Purchase Links: Amazon | B&N
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Why be the sheep, when you can be the wolf?

Seventeen-year-old Ismae escapes from the brutality of an arranged marriage into the sanctuary of the convent of St. Mortain, where the sisters still serve the gods of old. Here she learns that the god of Death Himself has blessed her with dangerous gifts—and a violent destiny. If she chooses to stay at the convent, she will be trained as an assassin and serve as a handmaiden to Death. To claim her new life, she must destroy the lives of others.

Ismae’s most important assignment takes her straight into the high court of Brittany—where she finds herself woefully under prepared—not only for the deadly games of intrigue and treason, but for the impossible choices she must make. For how can she deliver Death’s vengeance upon a target who, against her will, has stolen her heart?

I remember the first time I almost purchased Grave Mercy.

It was a fateful spring night and under a facade of calmness, I was trying to decide on a book to purchase from Target’s limited selection of YA lit as the clock clicked closer to closing time. The book I had come for was out of stock, so I scanned the section for something else that looked appealing. I HAD to have a book. Going home empty handed wasn’t an option. The book-monster needed to be fed.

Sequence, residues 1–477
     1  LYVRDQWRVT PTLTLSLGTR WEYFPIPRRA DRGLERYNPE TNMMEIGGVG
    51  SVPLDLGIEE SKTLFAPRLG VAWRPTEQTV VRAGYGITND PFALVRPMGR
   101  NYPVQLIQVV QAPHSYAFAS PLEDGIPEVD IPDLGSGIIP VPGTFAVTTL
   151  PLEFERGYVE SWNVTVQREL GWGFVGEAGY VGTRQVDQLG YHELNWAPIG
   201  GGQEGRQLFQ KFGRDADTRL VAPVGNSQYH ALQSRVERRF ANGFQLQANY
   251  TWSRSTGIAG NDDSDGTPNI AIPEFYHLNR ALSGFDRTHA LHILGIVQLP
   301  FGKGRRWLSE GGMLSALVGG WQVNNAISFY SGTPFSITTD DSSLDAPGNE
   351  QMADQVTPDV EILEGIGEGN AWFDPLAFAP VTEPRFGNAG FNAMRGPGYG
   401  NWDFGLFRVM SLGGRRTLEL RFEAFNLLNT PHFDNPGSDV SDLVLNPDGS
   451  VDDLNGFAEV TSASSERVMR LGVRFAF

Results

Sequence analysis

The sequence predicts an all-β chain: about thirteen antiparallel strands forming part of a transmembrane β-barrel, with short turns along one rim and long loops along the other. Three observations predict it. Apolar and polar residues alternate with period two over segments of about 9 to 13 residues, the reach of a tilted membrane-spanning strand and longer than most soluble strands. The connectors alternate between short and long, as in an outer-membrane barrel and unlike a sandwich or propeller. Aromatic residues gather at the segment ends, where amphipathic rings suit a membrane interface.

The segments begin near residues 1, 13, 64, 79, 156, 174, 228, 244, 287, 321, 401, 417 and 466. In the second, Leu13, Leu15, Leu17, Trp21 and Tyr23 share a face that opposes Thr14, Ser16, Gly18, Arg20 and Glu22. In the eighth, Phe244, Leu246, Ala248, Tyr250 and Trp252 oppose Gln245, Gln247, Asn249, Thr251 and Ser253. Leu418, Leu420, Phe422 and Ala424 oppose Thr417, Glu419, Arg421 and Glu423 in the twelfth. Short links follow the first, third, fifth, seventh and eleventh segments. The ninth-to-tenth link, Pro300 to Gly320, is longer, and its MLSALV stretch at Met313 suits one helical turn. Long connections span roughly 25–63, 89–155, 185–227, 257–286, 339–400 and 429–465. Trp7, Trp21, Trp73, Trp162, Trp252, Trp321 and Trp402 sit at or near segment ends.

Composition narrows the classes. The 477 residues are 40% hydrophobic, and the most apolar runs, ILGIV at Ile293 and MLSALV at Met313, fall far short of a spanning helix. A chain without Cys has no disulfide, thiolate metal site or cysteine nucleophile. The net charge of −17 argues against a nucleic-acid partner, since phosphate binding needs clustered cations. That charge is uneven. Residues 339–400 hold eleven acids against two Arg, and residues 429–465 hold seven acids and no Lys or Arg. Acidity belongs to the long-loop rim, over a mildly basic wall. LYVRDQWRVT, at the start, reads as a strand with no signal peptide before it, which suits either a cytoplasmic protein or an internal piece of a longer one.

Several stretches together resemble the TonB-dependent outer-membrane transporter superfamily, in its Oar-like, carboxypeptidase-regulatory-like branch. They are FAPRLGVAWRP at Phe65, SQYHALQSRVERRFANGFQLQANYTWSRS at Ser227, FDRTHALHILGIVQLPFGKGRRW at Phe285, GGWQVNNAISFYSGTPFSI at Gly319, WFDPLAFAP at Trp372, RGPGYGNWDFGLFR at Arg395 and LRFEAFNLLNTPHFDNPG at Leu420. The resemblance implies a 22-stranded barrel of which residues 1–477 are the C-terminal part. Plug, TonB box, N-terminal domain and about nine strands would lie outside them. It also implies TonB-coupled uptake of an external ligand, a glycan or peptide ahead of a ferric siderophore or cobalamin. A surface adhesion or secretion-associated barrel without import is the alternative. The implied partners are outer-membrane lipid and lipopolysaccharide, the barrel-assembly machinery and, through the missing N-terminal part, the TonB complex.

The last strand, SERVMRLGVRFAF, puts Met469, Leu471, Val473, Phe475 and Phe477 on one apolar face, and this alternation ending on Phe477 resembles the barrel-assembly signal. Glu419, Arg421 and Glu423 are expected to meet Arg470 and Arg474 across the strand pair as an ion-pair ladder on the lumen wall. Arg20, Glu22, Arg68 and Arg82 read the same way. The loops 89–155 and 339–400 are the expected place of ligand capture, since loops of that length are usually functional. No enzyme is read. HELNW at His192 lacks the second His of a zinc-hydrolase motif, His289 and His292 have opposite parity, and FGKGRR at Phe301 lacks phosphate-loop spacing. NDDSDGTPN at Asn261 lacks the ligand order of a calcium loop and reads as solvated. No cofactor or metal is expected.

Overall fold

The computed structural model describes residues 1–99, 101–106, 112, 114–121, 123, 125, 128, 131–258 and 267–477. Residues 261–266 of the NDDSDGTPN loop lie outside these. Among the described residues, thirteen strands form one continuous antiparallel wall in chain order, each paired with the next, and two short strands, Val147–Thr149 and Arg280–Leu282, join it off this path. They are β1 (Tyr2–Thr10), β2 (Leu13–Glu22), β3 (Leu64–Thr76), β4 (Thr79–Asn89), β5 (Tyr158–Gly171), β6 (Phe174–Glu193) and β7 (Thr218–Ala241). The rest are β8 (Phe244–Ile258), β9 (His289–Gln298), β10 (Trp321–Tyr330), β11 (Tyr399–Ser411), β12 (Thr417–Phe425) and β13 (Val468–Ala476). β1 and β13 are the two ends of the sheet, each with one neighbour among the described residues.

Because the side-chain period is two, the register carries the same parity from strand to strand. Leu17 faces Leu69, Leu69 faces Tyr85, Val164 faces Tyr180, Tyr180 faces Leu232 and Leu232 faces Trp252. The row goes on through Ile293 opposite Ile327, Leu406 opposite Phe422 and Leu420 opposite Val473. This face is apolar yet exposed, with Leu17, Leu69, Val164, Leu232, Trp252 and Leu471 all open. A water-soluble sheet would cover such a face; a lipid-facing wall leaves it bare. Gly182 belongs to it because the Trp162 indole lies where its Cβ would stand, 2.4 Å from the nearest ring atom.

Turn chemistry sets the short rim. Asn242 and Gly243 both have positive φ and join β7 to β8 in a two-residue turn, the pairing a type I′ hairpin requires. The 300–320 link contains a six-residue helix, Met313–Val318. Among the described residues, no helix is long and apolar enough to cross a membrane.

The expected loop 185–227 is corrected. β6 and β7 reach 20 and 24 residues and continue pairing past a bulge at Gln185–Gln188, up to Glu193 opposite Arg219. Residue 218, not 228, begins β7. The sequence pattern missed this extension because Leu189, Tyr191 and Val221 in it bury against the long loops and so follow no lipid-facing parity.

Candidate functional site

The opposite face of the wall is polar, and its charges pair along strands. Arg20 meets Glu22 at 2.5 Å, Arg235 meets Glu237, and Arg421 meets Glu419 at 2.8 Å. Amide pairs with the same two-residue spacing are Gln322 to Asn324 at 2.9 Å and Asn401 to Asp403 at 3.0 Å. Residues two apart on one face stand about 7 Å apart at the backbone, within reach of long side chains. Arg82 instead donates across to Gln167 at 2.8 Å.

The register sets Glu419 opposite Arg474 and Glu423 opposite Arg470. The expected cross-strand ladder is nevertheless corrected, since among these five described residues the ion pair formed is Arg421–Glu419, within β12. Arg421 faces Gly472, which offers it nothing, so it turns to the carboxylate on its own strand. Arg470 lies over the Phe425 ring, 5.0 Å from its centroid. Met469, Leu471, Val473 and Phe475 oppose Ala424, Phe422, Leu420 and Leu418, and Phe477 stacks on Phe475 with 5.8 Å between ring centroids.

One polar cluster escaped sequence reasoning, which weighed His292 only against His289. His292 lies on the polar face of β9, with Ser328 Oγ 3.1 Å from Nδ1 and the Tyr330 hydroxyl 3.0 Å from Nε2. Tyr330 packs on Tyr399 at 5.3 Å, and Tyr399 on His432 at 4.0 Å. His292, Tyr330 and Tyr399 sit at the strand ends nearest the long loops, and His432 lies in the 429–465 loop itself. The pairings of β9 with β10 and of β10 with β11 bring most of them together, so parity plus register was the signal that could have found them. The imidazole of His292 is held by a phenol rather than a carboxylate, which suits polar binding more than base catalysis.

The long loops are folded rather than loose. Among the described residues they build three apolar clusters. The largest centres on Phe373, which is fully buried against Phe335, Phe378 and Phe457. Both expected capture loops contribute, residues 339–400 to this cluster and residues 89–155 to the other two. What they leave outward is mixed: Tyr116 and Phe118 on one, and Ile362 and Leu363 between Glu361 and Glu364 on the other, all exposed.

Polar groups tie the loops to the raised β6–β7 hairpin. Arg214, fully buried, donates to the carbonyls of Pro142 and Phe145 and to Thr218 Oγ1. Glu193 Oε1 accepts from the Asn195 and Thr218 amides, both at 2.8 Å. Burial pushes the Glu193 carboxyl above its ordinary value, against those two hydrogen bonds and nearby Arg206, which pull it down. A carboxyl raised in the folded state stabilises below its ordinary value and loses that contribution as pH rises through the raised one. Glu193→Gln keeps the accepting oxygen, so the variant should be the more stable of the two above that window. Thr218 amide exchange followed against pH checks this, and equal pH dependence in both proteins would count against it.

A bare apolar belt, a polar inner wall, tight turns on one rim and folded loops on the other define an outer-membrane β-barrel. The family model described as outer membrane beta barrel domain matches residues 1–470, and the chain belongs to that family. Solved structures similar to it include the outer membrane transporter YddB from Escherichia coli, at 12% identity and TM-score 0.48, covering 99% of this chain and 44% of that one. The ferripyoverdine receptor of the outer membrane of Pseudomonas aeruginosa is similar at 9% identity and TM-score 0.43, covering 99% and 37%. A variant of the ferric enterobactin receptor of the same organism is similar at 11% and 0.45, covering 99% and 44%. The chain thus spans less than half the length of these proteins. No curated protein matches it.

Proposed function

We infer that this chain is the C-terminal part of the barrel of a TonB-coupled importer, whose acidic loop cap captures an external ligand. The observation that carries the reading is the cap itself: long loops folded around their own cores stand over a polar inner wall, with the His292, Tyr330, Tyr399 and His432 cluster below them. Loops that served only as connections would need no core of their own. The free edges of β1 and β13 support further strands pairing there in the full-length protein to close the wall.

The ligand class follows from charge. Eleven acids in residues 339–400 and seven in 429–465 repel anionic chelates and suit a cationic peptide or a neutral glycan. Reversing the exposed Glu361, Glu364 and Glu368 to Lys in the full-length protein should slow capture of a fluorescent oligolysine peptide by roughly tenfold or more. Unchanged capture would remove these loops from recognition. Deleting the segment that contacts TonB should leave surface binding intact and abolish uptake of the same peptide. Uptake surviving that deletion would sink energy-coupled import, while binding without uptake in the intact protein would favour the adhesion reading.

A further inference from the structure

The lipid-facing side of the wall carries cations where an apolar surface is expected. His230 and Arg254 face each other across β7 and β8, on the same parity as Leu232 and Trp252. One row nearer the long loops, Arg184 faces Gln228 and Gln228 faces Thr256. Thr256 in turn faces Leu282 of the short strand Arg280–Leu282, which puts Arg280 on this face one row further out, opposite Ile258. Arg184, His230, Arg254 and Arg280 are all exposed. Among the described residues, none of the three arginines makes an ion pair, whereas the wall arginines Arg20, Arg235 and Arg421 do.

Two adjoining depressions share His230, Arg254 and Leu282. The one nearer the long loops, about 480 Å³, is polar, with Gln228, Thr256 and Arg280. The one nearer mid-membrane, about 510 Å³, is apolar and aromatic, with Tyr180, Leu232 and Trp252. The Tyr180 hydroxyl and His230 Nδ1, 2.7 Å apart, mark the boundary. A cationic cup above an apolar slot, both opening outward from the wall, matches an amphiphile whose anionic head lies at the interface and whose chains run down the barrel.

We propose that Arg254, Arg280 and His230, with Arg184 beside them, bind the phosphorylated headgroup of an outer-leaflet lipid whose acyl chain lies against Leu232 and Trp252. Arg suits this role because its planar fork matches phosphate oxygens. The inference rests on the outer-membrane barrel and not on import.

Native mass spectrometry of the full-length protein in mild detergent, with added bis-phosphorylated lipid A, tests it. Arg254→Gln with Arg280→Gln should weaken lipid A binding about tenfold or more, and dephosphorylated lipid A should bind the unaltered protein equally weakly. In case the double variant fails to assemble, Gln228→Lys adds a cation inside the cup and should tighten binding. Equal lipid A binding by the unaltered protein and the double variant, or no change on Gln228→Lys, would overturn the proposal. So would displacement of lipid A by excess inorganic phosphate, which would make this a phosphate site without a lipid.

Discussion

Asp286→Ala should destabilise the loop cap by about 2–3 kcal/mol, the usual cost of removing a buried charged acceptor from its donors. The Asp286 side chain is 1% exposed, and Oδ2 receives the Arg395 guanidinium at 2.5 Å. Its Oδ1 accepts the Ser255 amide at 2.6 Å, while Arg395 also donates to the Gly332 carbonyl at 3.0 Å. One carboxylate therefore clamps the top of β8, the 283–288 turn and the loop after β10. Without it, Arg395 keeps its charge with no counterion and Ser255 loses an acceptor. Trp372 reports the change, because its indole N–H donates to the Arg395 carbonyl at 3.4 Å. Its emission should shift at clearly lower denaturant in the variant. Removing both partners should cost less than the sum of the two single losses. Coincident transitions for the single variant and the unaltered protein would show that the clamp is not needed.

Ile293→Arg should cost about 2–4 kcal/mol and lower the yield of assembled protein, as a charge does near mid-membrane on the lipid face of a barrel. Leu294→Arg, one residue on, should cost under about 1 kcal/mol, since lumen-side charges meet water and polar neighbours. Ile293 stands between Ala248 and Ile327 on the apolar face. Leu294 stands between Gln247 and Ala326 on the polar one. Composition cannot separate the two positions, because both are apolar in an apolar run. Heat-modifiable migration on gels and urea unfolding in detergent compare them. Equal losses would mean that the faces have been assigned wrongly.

The intimidating tome that was Grave Mercy stared at me from its prominent front-cover display. I read the back quickly and new it was something the historian in me would love, but I just wasn’t in the mood to commit to this brick of a book that I had heard lukewarm things about. So I went for the pretty purple covered one right next to it: Fated. You can see how that little decision turned out right here.

A treaty that causes many problems in Grave Mercy.
A treaty that causes many problems in Grave Mercy.

Over a year later, I finally ended up purchasing Grave Mercy from  B&N. When I read the story synopsis again, it was like reading it for the first time. I was so excited to dive into Grave Mercy and I thought to myself, “How the FRIG did I pass this up the first time?!”.

I really enjoyed this book. I devoured it, basically. The book-monster was very pleased. Once I read the first few chapters, the girth of the novel didn’t seem so intimidating.

An Illuminated text from 15th Century France.
An Illuminated text from 15th Century France.